Webster dictionary defines ingenuity as “skill or cleverness in devising or combining,” while Oxford describes it as “the ability to invent things or solve problems in clever new ways.” When speaking with children about the word ingenuity, one adventurous student replied, “Maybe it means a new engine.” And in a way, she is correct. Ingenuity is like a new engine: it is revved up and ready to go.
This week, I’ve been forced to relax and reflect at home due to a classic head cold. I have not sneezed this much in a long time! Wandering my small space, I began to think up interesting brews that might make me feel better. I am a tea drinker, so I like to experiment: mint tea with lemon and honey, black tea with orange and cardamom, green tea with ginger, lemon, and honey, chai tea with extra cinnamon and cider, the list goes on and on. I sip cup after cup and feel warm and comforted.
As dinnertime rolled around, I realized I needed more sustenance than tea, so I started thinking about soup. I didn’t look in my many cookbooks – No! That would be too ordinary, too mundane, too reliable. I decided to invent some soup recipes. I needed strong flavors that would clear up my sinuses. First, I made a hardy chicken tortilla soup, full of tomatoes and a bit of jalapeños. The next day, I made a miso broth filled with onions, garlic , ginger, lemon, and snow peas. It smelled so good, that I kept sticking my face over the pot to breathe in the aromatic steam. Then, I thought back to my Italian roots and made a vegetable-based soup filled with pureed basil and garlic, potatoes, and chickpeas. The smell of basil always reminds me of my Grandpa Tony. He was a consummate gardener and grower of basil. The soups were all wonderful. I loved creating them from scratch without any compass. I just let my mind flow and combine the tastes I love.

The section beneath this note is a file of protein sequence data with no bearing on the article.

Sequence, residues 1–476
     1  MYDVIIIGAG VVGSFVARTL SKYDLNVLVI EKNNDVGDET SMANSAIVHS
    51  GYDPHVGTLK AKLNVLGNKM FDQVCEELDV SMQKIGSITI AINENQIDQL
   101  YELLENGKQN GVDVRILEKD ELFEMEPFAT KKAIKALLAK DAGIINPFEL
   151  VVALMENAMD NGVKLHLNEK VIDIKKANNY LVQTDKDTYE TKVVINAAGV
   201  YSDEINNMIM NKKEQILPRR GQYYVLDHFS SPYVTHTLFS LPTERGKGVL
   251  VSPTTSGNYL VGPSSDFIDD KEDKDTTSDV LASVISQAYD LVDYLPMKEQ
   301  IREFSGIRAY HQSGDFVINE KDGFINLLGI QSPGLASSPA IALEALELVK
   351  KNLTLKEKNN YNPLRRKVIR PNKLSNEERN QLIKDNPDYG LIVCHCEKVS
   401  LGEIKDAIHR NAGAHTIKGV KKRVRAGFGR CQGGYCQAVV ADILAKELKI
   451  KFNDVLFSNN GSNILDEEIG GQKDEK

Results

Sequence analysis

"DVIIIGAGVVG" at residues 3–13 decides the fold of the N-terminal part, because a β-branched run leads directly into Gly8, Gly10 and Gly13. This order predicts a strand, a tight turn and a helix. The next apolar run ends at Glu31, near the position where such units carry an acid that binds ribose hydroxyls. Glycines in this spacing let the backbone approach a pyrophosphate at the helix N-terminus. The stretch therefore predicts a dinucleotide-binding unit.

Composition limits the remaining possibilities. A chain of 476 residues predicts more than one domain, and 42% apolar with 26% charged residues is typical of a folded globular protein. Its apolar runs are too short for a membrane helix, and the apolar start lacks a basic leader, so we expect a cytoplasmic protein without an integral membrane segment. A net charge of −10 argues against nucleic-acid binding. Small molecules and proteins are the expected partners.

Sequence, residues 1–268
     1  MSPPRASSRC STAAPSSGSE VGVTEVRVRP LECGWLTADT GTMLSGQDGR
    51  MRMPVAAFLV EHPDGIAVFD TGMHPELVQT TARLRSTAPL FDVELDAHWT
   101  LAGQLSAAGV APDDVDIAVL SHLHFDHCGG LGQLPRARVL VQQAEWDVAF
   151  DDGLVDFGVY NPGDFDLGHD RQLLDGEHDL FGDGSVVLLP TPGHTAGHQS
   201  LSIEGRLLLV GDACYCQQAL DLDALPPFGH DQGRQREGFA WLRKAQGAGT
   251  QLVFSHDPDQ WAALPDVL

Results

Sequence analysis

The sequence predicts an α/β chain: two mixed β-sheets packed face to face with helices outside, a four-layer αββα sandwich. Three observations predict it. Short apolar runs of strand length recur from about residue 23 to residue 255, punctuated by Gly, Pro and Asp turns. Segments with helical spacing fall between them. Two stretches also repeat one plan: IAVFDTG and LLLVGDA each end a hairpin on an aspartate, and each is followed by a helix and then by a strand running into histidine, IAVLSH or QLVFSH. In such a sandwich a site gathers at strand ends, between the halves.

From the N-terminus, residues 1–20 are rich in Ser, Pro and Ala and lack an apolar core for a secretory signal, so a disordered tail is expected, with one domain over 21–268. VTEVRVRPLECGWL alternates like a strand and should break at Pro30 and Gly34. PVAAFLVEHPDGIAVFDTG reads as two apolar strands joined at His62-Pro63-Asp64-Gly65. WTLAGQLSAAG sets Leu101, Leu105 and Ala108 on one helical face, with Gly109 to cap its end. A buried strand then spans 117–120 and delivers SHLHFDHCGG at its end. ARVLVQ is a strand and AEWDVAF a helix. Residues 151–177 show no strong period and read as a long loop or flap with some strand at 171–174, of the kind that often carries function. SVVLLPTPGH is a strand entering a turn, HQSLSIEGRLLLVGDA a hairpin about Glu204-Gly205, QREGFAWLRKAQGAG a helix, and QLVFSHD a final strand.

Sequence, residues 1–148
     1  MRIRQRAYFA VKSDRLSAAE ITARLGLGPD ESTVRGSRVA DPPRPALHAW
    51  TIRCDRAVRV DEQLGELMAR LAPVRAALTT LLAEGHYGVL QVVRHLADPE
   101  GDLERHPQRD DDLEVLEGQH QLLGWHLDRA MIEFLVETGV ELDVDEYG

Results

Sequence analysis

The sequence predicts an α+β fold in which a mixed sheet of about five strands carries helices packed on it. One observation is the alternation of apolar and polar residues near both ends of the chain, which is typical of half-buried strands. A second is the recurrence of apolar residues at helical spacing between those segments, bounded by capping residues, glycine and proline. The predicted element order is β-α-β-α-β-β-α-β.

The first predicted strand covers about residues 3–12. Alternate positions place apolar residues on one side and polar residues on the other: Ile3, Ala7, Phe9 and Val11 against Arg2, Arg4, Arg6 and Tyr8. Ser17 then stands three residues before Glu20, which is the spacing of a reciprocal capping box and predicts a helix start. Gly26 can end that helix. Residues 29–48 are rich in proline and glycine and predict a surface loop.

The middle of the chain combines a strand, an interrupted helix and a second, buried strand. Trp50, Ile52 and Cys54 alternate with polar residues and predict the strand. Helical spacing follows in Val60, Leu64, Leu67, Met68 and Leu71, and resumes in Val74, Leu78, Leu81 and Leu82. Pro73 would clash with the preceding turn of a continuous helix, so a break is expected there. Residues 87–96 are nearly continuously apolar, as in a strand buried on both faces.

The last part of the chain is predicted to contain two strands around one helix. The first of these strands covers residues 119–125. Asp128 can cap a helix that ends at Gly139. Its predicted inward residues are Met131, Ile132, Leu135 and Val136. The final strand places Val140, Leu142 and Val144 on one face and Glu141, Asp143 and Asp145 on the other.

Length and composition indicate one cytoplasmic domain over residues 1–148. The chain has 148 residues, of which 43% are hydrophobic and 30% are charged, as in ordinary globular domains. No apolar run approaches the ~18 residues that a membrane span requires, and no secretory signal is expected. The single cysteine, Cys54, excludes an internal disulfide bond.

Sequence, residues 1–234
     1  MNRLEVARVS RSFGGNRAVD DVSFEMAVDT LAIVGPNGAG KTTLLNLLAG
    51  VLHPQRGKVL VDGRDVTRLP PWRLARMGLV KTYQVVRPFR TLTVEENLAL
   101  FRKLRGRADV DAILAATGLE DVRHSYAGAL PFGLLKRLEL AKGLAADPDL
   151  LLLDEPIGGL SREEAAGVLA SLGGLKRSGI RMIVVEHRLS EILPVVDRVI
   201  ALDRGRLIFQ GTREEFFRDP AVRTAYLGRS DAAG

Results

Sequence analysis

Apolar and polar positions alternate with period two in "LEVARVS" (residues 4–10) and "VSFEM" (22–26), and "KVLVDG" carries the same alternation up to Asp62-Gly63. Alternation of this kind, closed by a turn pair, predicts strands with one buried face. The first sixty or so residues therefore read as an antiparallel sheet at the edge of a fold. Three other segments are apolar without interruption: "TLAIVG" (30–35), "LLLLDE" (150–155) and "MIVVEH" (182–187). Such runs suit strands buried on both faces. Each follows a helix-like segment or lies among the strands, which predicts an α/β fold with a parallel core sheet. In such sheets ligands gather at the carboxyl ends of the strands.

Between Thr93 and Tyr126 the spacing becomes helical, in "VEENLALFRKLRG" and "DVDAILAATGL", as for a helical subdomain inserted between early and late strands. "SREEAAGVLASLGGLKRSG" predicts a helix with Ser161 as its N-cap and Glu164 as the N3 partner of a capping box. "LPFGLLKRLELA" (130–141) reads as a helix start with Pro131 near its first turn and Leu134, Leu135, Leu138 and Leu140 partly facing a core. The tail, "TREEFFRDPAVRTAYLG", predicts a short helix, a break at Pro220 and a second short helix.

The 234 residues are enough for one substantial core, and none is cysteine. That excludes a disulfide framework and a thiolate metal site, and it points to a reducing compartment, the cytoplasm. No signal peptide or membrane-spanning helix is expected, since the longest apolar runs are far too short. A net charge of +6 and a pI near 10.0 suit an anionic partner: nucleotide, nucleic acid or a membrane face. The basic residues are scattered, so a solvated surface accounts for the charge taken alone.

Feeling a bit better from my soup consumption, one afternoon I took a short stroll around my neighborhood. It was a warm September day – blue skies with a bit of a breeze to let us know fall is surely on its way. Suddenly, I became aware of wild movement. I look across the street and a girl, about eleven or twelve-years-old with long dark hair, is sitting at the top of her driveway on a red stool with wheels. The stool resembles an office chair without a back. In her hand is a large push broom. The girl propels herself down the inclined driveway, using the broom as a kind of oar or rudder. She is whirling and twirling down the drive. She leans back on the stool and is giggling with delight. She uses the broom to steer herself back uphill and does the whole swirling motion again and again. I move quickly on. I don’t want her to see me because I don’t want to interrupt her joy.
As I walk away, I smile to myself. Witnessing that type of ingenious joy reminds me of when I was eleven and twelve. My friends and I loved creating games out of things we found in our yards and around our neighborhood. One time, we made a hammock of old woven rope. It was a wonderfully intricate invention. When I hopped in, it enveloped me rolled me around and out onto the ground while still keeping hold of my left foot. I lay on the ground writhing in laughter. My friends had to rescue me, and that was all part of the experiment. Another time, I found an old skateboard with chipped wheels. I was adamant that it was still useful. I hopped on it down a steep hill with an old hockey stick for balance. Thank goodness for that hockey stick. The skateboard hit a stone and abruptly stopped, and I had to use the stick to break my fall. Even when my inventions failed, I was not deterred. I loved the process of experimentation. I loved thinking up new possibilities.
As I walked back to my home, I saw my young neighbor again. She was still in the process of creating her red stool ballet. Her body was staying back and forth in a curlicue fashion. She was pure poetry in motion. Maybe she was inventing a new Olympic game: a cross between luge and curling or skateboarding and polo. Or maybe she was just having fun!